Joe Melrose shared thousands of stories with his students.
“He spent decades in some of the world’s most awful conflict situations,” Strainic remembers. “But one of the things he was trying to impress upon us was the importance of building personal relationships.”
When Strainic was a student at Ursinus, Melrose was acting U.S. representative for management and reform at the United States mission to the United Nations. He introduced Strainic to Ursinus’s Model U.N. program and helped her land an internship at the United Nations during her graduate study.
Those stories—and his advice—still resonate with her today.
“I see it every day in my job,” she explains. “Whether you’re negotiating a peace deal in Sierra Leone during a civil war or negotiating the budget for a special political mission for the U.N., you’re dealing with people who come from very different backgrounds and very different experiences. You need to find a way to establish some level of familiarity and trust.”
The examples Strainic uses aren’t hypothetical. Melrose is best known for serving Sierra Leone during its civil war and brokering a peace treaty to bring an end to hostilities. Strainic respectfully refers to him as a mentor and a father figure and credits him for her career path.
She is a diplomat to the United Nations at the U.S. Mission in New York, representing the United States in negotiations with 193 other countries in the U.N.’s General Assembly, usually focusing on budgetary issues and peacekeeping operations. Strainic also supports negotiations in the Security Council, which determines the existence of a threat to peace or act of aggression.
“A lot of what I handle is technical. It’s wonky,” she says. “It’s not the high-tension political stuff. I’m not doing North Korea sanctions. I’m more in the weeds. We are on the front lines.”
Strainic leads four or five negotiations a year, which can last for weeks— and sometimes months—at a time. She may call it wonky, but it’s the technical aspect of the job that she loves. Her committees, she says, are policy- and administrative-oriented, dealing with human resources and civilian protection issues, such as sexual exploitation and abuse by U.N. peacekeepers toward members of local populations.
It’s a grim reality, but she has led several negotiations “that have really moved the dial forward” to protect the victims, passing a resolution aimed at preventing sexual exploitation and abuse by those under U.N. mandate. She says it’s one of her proudest moments as a diplomat.
“There are a lot of discouraging moments where it feels like you take two steps forward and one step back, but when you do have those moments where you see a resolution gaveled through in the General Assembly, there is no better feeling in the world.”
“It’s the best opportunity to make the U.N. better,” she says. “It’s what my section is supposed to do—to make the U.N. the most efficient it can be.”
It can be hard to turn on the news and not worry about the state of world affairs. Headlines trickle in concerning Russia, China, North Korea and Syria. There are crises in every corner of the world; threats that seem like they come right out of a script for a Hollywood summer blockbuster. But it’s real life.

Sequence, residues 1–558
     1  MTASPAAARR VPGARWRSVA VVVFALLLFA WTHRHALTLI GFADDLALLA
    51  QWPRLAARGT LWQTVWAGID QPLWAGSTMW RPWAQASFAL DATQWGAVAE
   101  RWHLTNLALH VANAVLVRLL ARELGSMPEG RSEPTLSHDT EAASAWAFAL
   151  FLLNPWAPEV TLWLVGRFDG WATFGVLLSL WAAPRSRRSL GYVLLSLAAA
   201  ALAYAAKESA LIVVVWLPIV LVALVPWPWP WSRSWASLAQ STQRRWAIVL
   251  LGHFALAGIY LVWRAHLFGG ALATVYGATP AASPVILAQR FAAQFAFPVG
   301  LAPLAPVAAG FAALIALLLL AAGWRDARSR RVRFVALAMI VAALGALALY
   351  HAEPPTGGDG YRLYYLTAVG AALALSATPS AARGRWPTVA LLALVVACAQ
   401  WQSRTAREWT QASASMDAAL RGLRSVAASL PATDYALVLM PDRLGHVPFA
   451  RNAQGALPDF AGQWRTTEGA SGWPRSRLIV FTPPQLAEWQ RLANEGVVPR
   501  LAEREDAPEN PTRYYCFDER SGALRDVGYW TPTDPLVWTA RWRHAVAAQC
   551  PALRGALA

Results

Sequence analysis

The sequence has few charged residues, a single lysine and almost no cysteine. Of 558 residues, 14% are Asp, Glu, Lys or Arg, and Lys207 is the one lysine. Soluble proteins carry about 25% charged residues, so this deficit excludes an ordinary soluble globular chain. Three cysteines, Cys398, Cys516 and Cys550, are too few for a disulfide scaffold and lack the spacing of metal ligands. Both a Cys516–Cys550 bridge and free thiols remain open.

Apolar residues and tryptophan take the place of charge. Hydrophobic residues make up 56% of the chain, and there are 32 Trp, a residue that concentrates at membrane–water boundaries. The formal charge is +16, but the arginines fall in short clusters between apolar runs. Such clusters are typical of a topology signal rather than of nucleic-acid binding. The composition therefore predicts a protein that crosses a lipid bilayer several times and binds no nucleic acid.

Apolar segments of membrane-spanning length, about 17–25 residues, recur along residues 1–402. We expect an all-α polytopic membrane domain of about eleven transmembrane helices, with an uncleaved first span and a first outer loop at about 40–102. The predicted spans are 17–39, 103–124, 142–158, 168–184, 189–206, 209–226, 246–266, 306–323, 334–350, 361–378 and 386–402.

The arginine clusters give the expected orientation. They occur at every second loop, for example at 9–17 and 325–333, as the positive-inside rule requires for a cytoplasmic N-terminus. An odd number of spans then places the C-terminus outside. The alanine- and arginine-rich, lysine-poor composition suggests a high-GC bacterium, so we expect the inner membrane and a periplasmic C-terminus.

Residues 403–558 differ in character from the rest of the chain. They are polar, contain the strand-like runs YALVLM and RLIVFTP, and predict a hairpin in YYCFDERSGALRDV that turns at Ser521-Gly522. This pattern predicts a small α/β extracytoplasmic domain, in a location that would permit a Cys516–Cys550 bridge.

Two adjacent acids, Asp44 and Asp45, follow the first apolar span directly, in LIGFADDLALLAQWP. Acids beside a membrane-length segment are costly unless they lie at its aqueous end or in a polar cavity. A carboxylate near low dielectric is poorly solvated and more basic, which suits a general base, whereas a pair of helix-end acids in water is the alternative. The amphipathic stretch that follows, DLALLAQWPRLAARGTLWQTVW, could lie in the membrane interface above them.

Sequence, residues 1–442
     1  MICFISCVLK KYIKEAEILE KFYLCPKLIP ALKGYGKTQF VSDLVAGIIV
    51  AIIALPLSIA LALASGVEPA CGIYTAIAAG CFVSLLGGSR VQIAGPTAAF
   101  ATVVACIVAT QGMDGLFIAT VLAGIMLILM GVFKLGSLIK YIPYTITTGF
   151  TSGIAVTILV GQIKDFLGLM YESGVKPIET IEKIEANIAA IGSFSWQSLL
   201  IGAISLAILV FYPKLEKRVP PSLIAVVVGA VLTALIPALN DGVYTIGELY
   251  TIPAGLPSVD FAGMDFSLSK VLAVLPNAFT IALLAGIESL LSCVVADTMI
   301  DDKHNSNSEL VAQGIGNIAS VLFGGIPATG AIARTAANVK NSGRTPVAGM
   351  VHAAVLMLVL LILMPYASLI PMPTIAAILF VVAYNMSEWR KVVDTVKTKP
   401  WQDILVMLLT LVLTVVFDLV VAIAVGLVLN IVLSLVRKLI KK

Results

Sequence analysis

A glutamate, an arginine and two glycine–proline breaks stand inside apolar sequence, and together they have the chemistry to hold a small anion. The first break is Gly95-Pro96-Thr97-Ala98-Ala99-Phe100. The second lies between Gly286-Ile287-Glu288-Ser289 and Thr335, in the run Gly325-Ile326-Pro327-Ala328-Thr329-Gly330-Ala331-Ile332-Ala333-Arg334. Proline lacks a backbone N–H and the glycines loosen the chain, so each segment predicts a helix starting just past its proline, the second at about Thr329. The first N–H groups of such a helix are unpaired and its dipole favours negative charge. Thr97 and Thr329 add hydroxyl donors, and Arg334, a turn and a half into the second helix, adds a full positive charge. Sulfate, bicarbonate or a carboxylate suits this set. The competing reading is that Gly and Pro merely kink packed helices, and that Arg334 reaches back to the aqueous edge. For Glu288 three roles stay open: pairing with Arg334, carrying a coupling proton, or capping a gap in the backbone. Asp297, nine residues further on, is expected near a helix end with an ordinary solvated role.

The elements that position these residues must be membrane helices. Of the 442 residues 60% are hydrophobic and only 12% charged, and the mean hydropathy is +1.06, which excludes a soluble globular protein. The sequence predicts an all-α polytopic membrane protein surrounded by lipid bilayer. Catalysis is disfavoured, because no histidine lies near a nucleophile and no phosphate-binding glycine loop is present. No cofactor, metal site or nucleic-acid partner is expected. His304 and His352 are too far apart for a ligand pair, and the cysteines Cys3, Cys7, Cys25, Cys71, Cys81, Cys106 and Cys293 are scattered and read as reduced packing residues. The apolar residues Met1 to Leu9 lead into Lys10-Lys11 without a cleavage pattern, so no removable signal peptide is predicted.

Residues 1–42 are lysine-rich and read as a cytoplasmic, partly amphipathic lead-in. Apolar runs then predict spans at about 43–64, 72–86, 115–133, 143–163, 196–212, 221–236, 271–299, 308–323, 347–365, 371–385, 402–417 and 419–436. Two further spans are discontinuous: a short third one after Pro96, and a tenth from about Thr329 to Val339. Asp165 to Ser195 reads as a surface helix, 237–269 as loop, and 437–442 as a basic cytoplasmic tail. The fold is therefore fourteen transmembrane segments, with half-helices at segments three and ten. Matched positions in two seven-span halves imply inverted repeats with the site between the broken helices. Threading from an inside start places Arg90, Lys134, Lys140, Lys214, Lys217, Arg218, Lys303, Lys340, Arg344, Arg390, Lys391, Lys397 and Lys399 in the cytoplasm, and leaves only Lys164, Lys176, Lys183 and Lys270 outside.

“I’m more in the weeds. We are on the front lines.
We are the ones doing the negotiating.”
Strainic has spent 2½ years— spanning the Obama and Trump administrations—on the job at the U.N. No matter who sits in the Oval Office or which party holds the purse strings in Congress, she says that everyone in the world is watching what is happening in the U.S.
“There is certainly an impact on my work, sometimes for the better and sometimes not, depending on the U.S.’s policy,” she says. “That’s also true of our bilateral policies. There’s no way to insulate my negotiations fully from whatever is going on at that level, but it’s important to not focus on things that are beyond my control. It’s best to keep that separate as much as possible and try to forge cooperation based on the issue we are dealing with at the time.”
“Working at the U.N., you’ll never find a more hardened group of idealists anywhere,” she says. “It gives you hope that there are a lot of people out there trying to make things better.”
In those instances, Strainic often draws upon that relationship-building advice from Melrose. “I try to approach situations the way he would,” she says.
Melrose embodied the ideal of global citizenship and, while at Ursinus, advocated for a liberal arts curriculum that cultivated sensitivity to cultural, demographic, economic and political differences. The Melrose Center for Global Civic Engagement was established at Ursinus in his name to develop future global leaders and help enact social change.
In some ways, Strainic was one of the first Melrose fellows, considering his mentorship of her and of many others that have been inspired to carry out his life’s work in their own careers.
“It fits in with the whole philosophy of Ursinus,” she says. “We’re taught to think and not to view the world as black and white or through academic principles.”
“Ursinus is about grappling with moral and ethical issues in real-world situations; being able to think on your own and come up with your own arguments and defend them; and also to learn from other people’s experiences and cultures. Those are the kind of people best equipped to deal with the problems that diplomacy presents.”
Spoken like a true Melrose fellow.
Editor’s note: Strainic spoke to Ursinus Magazine in a personal capacity and not as a representative of the State Department. Any opinions expressed are her own.